Coalition threatens lawsuit over new grizzly law


By Joy Ufford

Pinedale Roundup

Via Wyoming News Exchange

PINEDALE – A conservation coalition is threatening to sue Wyoming over its new grizzly-hunt law, signed by the governor on Feb. 15, that outlines the scenario for a grizzly bear-hunting season and relocations of captured bears to California and other states. 

Specifically, the new law authorizes Wyoming Game and Fish Commission to manage the bears and if needed, plan a grizzly hunt to protect wildlife and humans. Grizzlies killed a local Wyoming hunting guide during a big-game hunt last year. 

The Greater Yellowstone Ecosystem grizzly bear population was removed from, and then returned to, federal protections under the Endangered Species Act. Montana District Judge Dana Christensen ordered Wyoming Game and Fish to cancel its 2018 GYE grizzly bear hunt just before it was to begin last October. 

State and federal officials argue the GYE grizzly has been recovered under U.S. Fish and Wildlife Service recovery criteria since 2003, with more than 700 estimated in the GYE. Wyoming committed to maintain 600 bears as a buffer against the recovery population of 500 bears. They are appealing the Montana judge’s decision in Ninth Circuit Court of Appeals. 

In this 65th Legislative Session, Wyoming legislators crafted Senate File 93, which was passed by the House and signed as Enrolled Act 11 by new Gov. Mark Gordon on Feb. 15. Companion Joint Resolution of support for GYE grizzly delisting is also on its way to Gordon’s desk.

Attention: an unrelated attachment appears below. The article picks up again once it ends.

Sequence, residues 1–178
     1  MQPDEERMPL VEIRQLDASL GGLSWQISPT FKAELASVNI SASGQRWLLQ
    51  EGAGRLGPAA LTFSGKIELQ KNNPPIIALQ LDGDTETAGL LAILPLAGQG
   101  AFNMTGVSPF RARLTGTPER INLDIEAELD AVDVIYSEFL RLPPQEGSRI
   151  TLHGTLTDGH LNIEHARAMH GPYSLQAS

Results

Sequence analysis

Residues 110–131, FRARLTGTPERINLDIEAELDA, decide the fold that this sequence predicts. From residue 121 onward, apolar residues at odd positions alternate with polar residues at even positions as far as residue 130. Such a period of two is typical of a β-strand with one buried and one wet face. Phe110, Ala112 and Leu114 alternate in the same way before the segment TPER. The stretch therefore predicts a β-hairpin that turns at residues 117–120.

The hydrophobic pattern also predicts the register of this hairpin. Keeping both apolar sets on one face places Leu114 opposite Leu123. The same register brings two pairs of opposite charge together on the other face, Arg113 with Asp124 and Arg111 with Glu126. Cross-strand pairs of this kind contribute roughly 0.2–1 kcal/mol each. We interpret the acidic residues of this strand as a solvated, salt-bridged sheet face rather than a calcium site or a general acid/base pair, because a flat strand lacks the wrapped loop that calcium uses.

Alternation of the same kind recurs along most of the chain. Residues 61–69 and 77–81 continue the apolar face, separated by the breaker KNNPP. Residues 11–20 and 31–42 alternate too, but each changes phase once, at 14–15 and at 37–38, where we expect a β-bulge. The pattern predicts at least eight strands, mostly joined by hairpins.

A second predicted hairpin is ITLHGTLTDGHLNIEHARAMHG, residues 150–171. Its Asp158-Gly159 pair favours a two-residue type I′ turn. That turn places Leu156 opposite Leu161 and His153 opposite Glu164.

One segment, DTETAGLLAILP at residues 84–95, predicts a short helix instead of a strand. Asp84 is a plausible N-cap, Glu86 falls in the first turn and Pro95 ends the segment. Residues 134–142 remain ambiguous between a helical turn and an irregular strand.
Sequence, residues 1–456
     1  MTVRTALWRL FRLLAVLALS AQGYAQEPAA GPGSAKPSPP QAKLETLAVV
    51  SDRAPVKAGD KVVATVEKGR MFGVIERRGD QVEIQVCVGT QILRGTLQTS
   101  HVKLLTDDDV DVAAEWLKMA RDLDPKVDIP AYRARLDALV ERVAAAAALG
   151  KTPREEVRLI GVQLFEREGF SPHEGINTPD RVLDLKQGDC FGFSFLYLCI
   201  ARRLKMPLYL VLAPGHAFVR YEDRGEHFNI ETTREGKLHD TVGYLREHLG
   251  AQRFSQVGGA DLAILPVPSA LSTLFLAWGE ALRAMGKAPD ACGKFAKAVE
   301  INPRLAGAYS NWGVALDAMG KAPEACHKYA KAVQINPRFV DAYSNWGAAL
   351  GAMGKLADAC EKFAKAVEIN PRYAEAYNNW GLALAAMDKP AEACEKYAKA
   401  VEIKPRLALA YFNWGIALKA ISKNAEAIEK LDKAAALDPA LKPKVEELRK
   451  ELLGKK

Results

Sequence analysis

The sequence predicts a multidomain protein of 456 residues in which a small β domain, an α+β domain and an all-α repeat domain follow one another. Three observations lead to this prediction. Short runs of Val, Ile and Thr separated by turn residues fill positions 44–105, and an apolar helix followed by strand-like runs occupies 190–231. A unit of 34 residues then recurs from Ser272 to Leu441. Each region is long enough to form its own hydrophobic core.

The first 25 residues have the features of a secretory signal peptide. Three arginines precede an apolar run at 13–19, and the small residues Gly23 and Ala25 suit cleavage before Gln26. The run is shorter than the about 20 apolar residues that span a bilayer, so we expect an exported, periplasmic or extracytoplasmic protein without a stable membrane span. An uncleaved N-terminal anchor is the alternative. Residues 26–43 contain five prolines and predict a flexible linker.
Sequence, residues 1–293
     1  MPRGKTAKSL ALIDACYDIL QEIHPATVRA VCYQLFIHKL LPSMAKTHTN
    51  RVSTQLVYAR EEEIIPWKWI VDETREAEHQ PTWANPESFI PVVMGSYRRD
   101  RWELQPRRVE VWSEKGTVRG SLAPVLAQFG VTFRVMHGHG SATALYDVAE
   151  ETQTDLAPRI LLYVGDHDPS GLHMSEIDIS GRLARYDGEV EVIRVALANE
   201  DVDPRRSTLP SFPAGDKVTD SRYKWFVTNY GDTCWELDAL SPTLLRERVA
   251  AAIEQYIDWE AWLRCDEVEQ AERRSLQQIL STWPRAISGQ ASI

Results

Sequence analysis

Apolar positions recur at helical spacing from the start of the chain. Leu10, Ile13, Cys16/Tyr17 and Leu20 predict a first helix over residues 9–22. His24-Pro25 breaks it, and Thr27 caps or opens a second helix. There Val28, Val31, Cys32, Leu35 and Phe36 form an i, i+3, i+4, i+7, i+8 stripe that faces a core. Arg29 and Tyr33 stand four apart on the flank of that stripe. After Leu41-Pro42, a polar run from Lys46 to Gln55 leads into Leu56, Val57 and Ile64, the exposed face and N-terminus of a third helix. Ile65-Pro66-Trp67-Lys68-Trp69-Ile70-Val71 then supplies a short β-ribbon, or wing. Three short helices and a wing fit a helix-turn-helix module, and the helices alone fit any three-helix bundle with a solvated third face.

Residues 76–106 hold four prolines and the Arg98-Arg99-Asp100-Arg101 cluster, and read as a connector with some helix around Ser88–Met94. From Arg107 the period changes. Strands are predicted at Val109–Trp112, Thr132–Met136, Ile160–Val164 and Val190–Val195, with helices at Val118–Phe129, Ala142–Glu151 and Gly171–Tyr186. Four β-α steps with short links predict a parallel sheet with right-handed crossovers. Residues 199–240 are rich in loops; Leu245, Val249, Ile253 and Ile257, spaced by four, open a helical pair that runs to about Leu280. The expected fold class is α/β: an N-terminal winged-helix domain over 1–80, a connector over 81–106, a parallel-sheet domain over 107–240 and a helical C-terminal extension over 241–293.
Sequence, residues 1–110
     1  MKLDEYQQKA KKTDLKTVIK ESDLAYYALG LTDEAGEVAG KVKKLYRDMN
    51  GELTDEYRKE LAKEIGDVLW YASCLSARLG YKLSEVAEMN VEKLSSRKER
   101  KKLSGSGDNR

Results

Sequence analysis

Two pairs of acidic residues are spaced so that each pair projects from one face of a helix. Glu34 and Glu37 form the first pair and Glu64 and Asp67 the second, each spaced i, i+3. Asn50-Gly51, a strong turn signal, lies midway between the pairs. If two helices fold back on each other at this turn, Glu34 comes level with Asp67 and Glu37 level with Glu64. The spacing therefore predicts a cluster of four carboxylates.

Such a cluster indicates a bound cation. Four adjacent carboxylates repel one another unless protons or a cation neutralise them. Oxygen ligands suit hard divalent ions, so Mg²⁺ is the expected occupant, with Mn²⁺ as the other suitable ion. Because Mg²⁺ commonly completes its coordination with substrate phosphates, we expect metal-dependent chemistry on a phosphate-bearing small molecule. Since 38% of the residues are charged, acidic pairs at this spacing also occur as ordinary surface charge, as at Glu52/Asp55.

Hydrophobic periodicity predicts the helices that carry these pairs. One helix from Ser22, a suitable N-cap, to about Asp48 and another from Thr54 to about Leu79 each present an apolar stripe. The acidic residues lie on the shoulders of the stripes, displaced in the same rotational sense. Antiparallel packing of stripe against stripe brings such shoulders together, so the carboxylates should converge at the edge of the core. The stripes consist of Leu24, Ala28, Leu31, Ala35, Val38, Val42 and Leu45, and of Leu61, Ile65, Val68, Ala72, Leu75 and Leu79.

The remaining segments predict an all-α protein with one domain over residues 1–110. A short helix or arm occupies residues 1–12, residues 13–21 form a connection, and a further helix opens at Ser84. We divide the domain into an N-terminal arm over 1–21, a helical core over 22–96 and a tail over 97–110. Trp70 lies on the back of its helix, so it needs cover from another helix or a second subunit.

The coalition of Sierra Club, Center for Biological Diversity, Western Watersheds Project, Wyoming Wildlife Advocates and the Humane Society of the U.S. announced on Feb. 20 it intends to sue Wyoming Game and Fish and the Commission over the state’s violation of federal law.

Wyoming’s new law states that the GYE grizzly has been recovered since 2003 due to state and citizen efforts and that the Montana court’s ruling prevents the state from protecting its citizens and wildlife “particularly in light of grizzly bear attacks on workers and other citizens and tourists of the state.” 

It also “hinders the state’s ability to work with the U.S. Secretary of the Interior to cooperate in the management” of GYE grizzlies. It continues, if the Wyoming Game and Fish Commission determines a grizzly-bear hunt would benefit wildlife management and public safety, “it may conduct a grizzly bear hunt and shall issue licenses” under state laws for the commission to set a hunting season. 

The new law also provides the Wyoming Game and Fish Commission with the authority, if determined necessary, to proceed with relocation of captured bears outside Wyoming to California, states with grizzly bear numbers below the ESA threshold or for GYE grizzlies that might be moved or euthanized “to other willing states with suitable habitat.”

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